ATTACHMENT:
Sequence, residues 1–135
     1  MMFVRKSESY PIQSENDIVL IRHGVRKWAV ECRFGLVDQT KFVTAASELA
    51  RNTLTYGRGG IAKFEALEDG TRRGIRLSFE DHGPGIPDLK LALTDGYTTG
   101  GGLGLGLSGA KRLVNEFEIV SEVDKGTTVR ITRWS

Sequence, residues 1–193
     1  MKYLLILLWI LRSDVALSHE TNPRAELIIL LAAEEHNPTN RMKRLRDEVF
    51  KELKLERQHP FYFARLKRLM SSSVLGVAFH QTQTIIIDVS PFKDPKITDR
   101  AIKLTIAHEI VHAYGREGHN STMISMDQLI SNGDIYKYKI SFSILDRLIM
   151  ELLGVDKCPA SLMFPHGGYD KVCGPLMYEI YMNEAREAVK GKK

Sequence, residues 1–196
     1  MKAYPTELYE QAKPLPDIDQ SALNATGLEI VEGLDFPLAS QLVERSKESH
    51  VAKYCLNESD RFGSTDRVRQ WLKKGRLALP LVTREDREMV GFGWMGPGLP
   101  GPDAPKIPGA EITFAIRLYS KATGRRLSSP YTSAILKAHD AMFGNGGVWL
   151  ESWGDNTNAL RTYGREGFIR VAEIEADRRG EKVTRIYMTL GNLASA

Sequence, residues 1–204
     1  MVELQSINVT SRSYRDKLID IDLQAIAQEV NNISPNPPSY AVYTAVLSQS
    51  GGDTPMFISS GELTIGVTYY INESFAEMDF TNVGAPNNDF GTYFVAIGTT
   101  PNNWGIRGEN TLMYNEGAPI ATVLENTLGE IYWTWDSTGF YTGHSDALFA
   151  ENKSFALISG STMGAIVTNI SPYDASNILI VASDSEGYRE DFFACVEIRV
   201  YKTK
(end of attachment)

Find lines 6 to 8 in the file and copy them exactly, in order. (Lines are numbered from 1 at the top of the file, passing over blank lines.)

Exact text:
     1  MKYLLILLWI LRSDVALSHE TNPRAELIIL LAAEEHNPTN RMKRLRDEVF
    51  KELKLERQHP FYFARLKRLM SSSVLGVAFH QTQTIIIDVS PFKDPKITDR
   101  AIKLTIAHEI VHAYGREGHN STMISMDQLI SNGDIYKYKI SFSILDRLIM